we can make the garbage collector less sensitive to the fluctutations, by
    increasing the GOGC value from 100 to 400. This would make the GC wait
    for four times more memory to be allocated before it starts running.
  3. The program runs for very short time, so the memory allocation is not
    relevant. In such cases, we can turn off the GC by setting the GOGC value
    to off. One interesting scenario was compilation – if we turn off the GC
    when we compile our programs, we can speed it up at the cost of memory
    spent.

Overall, it was a very interesting talk that broadened my horizons on Go’s
garbage collection and tweaking it.

Ellen Körbes – Building a dilator using Go

Ellen’s talk was probably one of the wackiest talks I’ve ever been to. Being a
trans person, Ellen explained a very specific problem they have – how to build
a dilator that they can make without a lot of effort. Obviously, they thought
about 3D printing.




It was very interesting to see Ellen’s thought process, the inception (or
rather the necessity) of the idea, finding ways to build the 3D model of the
dilator using various tools before they settled on using Go for it.

I mean, no wonder – if I’d pick a technology to do this I would probably pick Go.
Ellen said it best:

Another thing is: this is JavaScript. And I am NOT sticking JavaScript in my
body.

If there’s one talk I would recommend watching once the videos are out, it
would be this one.

Ignat Korchagin – Go as a scripting language (in Linux)

Ignat’s talk was very entertaining. Being an systems engineer in Cloudflare, he
wanted to use Go as a scripting language.




To achieve that, we embarked on a journey together. A thing to remember about
Linux scripts is, to have a program be executable as a script the first line of
the file has to be a “shebang” line. This line must contain the absolute path
to the interpreter that will run the file. The line usually starts with #!.

The problem is – this works only for languages where # is a comment, which is
not the case Go.

Our journey started with finding ways to hack the shebang line in his Go
programs. He explained all of the weird hacks he had to do to be able to take
the arguments from the command line to the program. Eventually, he took us for
an even deeper dive into how Linux executes the scripts and how the kernel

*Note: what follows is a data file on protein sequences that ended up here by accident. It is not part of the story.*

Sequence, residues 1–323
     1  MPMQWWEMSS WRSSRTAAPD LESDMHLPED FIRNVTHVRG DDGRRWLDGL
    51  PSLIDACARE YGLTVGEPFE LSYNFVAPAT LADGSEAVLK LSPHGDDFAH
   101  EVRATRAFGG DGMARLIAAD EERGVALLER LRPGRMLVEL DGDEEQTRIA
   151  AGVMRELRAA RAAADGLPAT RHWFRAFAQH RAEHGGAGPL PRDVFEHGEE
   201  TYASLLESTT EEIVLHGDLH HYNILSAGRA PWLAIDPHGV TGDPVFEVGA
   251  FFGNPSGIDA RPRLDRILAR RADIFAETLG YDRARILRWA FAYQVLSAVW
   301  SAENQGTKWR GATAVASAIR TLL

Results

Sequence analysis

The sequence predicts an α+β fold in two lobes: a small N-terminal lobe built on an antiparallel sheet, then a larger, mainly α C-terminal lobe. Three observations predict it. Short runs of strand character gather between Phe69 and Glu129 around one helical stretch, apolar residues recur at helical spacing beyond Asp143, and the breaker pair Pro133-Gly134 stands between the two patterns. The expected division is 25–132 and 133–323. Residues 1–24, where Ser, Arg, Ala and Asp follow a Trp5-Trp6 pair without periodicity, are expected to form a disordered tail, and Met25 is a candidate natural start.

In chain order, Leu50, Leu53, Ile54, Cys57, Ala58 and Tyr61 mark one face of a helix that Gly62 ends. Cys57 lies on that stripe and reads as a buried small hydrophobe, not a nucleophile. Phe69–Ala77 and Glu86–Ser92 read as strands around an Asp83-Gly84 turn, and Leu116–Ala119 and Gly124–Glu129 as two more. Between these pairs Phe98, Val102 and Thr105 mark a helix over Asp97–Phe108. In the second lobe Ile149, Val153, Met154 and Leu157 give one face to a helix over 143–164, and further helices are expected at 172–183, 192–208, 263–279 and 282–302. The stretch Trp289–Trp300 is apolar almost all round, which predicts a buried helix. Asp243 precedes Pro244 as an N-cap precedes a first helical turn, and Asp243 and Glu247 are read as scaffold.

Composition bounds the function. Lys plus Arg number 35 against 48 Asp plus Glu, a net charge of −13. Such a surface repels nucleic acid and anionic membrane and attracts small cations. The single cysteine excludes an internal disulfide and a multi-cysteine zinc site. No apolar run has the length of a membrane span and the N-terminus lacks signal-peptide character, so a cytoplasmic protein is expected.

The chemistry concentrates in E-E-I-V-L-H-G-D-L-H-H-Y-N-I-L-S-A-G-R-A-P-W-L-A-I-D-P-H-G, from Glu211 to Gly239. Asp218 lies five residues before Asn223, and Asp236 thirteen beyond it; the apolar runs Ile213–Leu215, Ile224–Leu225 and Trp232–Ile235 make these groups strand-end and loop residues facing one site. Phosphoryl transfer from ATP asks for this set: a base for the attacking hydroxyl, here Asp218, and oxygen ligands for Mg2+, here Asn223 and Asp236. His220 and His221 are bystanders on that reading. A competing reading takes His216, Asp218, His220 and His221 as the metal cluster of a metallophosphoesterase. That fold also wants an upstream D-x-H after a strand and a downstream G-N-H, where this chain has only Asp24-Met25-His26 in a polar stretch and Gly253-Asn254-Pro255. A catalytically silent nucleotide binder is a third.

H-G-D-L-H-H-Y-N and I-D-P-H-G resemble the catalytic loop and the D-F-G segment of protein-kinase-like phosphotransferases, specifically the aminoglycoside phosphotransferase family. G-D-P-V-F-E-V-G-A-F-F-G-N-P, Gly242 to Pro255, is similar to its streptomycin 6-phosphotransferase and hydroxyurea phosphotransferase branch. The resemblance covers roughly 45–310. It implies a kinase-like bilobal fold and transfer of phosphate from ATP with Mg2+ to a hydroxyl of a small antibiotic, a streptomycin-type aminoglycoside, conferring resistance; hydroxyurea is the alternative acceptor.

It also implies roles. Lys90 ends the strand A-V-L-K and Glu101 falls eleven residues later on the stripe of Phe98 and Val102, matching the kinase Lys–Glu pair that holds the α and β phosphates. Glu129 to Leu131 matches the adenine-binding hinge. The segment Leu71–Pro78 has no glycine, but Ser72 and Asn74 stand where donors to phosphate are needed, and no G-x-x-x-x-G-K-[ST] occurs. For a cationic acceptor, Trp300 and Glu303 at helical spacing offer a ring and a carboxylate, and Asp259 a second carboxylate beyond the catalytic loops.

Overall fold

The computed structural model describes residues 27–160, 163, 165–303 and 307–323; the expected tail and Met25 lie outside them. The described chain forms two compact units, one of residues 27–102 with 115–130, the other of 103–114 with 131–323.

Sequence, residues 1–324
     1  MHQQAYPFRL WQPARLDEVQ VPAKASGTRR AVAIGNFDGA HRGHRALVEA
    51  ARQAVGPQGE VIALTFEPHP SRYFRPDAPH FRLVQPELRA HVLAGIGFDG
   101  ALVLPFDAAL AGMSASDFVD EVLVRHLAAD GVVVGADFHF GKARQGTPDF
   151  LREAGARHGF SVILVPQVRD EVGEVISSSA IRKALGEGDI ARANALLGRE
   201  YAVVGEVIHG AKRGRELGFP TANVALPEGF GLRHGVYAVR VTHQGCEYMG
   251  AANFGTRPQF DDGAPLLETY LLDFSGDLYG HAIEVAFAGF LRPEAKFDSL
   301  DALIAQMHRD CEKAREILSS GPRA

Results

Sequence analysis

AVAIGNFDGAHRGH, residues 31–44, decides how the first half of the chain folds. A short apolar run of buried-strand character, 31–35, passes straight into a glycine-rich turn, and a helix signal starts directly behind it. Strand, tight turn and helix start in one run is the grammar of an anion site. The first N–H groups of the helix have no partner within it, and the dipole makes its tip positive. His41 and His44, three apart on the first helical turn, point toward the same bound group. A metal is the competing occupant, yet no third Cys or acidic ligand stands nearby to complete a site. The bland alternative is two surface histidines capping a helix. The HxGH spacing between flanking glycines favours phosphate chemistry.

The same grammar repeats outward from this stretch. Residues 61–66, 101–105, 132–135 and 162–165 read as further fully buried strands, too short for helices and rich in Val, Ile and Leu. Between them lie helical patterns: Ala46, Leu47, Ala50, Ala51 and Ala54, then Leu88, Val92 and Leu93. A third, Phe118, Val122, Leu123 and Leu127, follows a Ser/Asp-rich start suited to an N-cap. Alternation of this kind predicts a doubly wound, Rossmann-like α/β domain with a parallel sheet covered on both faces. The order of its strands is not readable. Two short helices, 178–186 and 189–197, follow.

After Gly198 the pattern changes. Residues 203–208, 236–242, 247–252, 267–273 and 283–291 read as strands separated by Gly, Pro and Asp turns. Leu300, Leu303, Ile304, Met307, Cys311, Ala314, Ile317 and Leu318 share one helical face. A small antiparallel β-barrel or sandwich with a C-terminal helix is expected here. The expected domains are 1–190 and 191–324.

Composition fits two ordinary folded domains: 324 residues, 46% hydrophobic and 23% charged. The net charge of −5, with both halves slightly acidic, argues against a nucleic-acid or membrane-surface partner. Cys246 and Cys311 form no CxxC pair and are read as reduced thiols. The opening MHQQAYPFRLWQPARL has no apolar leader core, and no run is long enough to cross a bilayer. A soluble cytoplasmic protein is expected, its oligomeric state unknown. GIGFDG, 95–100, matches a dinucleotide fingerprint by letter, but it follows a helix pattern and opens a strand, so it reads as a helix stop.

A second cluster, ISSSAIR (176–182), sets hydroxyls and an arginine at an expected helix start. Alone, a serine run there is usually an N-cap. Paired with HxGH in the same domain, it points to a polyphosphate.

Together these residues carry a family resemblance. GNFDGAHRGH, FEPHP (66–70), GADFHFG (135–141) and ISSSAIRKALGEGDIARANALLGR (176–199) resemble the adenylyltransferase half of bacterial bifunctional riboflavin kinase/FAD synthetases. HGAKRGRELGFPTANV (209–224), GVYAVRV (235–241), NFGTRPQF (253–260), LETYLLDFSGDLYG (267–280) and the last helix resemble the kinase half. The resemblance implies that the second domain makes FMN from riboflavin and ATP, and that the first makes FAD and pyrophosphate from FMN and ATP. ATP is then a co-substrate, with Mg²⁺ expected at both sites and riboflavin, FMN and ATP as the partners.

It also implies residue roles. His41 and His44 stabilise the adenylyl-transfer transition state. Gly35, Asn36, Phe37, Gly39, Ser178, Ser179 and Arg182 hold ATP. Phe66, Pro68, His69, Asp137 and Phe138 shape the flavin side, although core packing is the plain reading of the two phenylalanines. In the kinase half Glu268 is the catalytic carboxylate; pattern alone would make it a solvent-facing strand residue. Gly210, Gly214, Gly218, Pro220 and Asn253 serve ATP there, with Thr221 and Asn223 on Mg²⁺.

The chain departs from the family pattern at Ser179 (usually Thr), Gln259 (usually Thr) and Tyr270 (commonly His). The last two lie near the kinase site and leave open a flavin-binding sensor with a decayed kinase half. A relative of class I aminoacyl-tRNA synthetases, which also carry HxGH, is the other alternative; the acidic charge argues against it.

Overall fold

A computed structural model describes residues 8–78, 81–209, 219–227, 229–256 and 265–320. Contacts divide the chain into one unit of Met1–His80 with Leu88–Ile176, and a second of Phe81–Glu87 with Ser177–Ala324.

understands the shebang line to pick the correct executor of the script.

At the end we arrived at the destination – called binfmt_misc. He explained
how this is solvable with a bit of kernel “magic”. Linux (the kernel) has a
module called binfmt_misc
(docs)
which allows us to invoke almost every program by simply typing its name in the
shell. It does this by allowing the user to specify a handler that will know
what interpreter should run for a specific file type.

After that, I found another interesting
article
where the author explains the binfmt_misc module and how they created their
own executable files using a #!~[TODO] shebang.

Overall, the talk was entertaining and I enjoyed learning a bit more about
Linux (the kernel) and this specific module.

Marcel van Lohuizen – Errors in Go 2

Marcel works on Golang within Google, with focus on core libraries. His talk
was about Go’s errors, where we are now, and how errors will evolve in the
future.

Basically, Marcel’s talk was about Golang’s Design Proposal #29934, which touches upon
two important aspects of errors in Go – inspection and printing.




The author team – Jonathan Amsterdam, Russ Cox, Marcel van Lohuizen and Damien
Neil – propose several additions and changes to the standard library’s errors
and fmt packages. The goal is to make errors more informative for both
programs and people.

If you would like to explore the upcoming changes to the language, you can
check the new xerrors package. The
package will support transitioning to the Go 2 proposal for error values. Also,
watch this space – I am already working on an article that explores the
proposal and the xerrors package.

dotGo 2019 was great

As you can see from the content, the venue and the organisation of the
conference – I had a blast at dotGo 2019! The feedback from the community on
Twitter also seems to be great. I personally think that all the speakers made a
great job. The talks were informative, intellectualy challenging and
entertaining.

I will be back in 2020, and I hope to see you there!

Source: Ilija Eftimov